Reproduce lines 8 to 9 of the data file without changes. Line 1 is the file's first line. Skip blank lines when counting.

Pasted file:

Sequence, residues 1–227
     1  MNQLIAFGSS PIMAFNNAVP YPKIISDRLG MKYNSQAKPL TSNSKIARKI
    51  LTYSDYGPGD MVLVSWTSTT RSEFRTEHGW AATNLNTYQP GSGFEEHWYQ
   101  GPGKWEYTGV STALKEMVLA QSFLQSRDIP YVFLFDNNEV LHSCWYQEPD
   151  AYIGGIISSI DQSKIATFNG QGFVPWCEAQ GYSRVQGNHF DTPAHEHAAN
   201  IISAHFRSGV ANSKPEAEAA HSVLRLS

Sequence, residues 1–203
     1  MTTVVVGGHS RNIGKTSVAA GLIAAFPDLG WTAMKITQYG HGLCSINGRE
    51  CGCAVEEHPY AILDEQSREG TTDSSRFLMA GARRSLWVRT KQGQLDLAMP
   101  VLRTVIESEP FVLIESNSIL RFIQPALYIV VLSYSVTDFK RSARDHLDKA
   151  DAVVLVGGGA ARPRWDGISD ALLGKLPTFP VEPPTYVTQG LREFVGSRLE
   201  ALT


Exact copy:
     1  MTTVVVGGHS RNIGKTSVAA GLIAAFPDLG WTAMKITQYG HGLCSINGRE
    51  CGCAVEEHPY AILDEQSREG TTDSSRFLMA GARRSLWVRT KQGQLDLAMP